Diarrhea is a common lower intestinal ailment that is typically not a serious medical emergency. Occasional bouts of diarrhea are usually related to bacterial or viral infections, food intolerances or reactions to new medications. Most acute cases of diarrhea resolve with rest and hydration (and avoiding trigger foods and medications, if possible). Viral and bacterial toxins are normally short lived, so be patient. Frequent diarrhea, however, can indicate irritable bowel disorder, irritable bowel syndrome or another serious medical condition. Seek medical attention if you can't hold any liquid or food down, you show signs of dehydration, your diarrhea shows blood (which appears black), you have abdominal pain and/or a high fever, or your symptoms last longer than a week.
Because the typical American diet delivers well below the daily recommended 25 grams of fiber, constipation is a common problem. Acute constipation also can be attributed to lack of exercise, not drinking enough fluids, hormonal changes and laxative abuse. Chronic constipation can be a sign of irritable bowel syndrome -- a condition that needs medical attention -- or a side effect of certain medications. Lifestyle changes, such as increasing your fiber and liquid intake as well as getting more exercise, can resolve constipation within a few days. Research suggests that probiotics may help alleviate this frustrating and often painful ailment, too. If you are constipated for a few weeks, though, see your doctor to rule out an intestinal blockage or other medical condition.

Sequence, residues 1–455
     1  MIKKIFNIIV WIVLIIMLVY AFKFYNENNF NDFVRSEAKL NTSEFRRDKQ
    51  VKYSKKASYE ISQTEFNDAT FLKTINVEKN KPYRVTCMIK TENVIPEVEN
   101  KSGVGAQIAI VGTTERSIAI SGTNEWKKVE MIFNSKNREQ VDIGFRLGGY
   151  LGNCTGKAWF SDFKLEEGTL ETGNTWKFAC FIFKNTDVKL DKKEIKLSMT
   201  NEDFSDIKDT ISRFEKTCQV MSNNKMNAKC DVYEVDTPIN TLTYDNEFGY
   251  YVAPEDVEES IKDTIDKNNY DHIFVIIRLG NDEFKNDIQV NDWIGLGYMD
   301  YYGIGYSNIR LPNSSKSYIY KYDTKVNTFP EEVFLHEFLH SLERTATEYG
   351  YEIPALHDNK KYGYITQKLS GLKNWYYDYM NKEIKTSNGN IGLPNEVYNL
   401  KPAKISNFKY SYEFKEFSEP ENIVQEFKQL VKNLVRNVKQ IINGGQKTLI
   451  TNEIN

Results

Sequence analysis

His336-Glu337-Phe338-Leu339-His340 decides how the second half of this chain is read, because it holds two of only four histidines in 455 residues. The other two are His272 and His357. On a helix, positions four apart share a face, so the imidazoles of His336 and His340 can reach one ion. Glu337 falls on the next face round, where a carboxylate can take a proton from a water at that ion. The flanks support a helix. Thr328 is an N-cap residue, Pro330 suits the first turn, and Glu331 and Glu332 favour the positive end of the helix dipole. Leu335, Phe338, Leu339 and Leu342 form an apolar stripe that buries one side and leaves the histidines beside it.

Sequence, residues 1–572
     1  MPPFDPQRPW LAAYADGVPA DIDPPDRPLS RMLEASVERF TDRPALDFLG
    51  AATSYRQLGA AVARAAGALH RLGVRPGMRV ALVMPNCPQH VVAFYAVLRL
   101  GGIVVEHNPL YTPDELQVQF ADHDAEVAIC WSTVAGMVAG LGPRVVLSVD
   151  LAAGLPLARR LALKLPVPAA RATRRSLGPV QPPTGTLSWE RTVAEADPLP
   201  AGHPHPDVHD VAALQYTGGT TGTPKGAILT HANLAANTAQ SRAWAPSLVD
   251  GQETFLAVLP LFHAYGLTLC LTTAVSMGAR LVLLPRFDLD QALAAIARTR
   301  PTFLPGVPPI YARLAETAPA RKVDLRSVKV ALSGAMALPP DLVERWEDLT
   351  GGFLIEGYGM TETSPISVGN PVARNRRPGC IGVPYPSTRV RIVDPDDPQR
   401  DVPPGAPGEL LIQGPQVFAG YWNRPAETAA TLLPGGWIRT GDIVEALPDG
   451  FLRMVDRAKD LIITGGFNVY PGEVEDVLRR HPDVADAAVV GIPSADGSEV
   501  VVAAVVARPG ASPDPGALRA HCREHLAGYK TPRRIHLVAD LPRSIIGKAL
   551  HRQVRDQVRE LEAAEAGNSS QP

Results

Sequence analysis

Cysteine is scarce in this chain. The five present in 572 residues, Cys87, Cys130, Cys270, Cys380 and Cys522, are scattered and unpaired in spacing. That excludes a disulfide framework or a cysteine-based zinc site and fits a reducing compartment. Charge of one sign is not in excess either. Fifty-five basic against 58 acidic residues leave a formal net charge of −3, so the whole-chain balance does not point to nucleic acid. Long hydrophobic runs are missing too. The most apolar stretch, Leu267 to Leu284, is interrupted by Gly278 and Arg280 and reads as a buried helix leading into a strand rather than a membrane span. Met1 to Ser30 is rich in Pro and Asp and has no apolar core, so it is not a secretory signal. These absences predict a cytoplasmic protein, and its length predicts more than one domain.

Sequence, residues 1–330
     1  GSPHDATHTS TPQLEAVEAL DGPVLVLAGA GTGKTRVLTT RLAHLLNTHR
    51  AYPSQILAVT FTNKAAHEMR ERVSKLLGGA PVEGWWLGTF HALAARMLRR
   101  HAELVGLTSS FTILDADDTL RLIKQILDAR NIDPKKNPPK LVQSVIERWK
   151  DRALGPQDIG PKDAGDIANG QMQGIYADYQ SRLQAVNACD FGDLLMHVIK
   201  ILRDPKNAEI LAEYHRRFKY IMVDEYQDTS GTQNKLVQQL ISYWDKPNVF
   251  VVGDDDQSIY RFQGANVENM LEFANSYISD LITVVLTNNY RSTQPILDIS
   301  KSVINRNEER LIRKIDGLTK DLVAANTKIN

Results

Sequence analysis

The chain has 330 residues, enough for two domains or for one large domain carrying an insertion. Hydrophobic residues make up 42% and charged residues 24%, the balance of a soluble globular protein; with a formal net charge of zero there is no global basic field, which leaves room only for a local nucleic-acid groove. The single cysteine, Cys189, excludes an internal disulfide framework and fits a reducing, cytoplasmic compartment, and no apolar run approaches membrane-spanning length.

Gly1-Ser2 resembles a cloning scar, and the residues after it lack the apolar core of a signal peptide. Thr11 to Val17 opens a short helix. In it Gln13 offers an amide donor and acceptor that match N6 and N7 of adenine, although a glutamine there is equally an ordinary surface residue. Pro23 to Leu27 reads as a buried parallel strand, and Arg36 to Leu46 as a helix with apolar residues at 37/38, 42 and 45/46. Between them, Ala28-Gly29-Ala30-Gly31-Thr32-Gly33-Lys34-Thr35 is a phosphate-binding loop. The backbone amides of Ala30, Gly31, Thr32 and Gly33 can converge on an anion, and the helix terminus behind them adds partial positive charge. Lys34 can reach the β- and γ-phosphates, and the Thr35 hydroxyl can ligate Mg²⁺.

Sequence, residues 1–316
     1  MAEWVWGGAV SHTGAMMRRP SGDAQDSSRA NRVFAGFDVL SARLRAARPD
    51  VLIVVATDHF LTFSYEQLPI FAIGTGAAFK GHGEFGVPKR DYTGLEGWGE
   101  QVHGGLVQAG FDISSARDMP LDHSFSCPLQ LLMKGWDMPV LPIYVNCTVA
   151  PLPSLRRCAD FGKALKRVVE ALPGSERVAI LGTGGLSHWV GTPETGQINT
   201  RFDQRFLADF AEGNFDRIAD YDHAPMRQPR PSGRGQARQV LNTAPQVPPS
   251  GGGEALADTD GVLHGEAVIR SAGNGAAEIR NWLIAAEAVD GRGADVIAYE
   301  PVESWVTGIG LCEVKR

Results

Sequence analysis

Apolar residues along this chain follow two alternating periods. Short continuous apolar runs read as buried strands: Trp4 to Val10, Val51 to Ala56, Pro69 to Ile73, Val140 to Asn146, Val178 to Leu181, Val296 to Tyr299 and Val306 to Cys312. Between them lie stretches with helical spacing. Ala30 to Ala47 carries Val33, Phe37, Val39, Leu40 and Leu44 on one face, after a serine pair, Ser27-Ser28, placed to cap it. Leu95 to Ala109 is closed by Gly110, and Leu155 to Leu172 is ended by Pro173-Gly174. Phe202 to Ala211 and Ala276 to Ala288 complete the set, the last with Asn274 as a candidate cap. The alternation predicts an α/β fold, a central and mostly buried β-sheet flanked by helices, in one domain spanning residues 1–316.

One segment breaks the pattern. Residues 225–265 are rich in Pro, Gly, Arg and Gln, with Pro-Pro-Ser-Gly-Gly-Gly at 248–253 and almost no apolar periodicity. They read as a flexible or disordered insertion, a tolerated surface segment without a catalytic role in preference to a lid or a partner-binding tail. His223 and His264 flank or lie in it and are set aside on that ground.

Hemorrhoids are another (miserable) condition sometimes caused by a low-fiber diet, but they may also be due to pregnancy, straining during bowel movements, constipation and obesity. Changing your diet to include more high-fiber foods or supplements, increasing your liquid intake, and exercising regularly can decrease the occurrence of hemorrhoids. See your doctor if lifestyle changes do not offer relief or if you experience excruciating pain or bleeding.
Urinary incontinence is quite literally nothing to laugh, cough or sneeze at, and you certainly don't want to talk about it. Bladder weakness is often due to weak or damaged muscles that control the bladder, resulting in unexpected or uncontrollable leakage. Age, pregnancy, lack of exercise and some medications can lead to urinary incontinence. If you are pregnant, symptoms should subside during your postpartum recovery; doing Kegel exercises before, during and after pregnancy can help you gain control of your bladder. If you aren't pregnant, make an appointment with your doctor to discuss treatment options that can reduce urinary leakage.
Embarrassing health conditions may be uncomfortable to discuss, but instead of ignoring them and bearing their negative effects on your quality of life, have a discussion with your doctor on the best ways to treat your condition.
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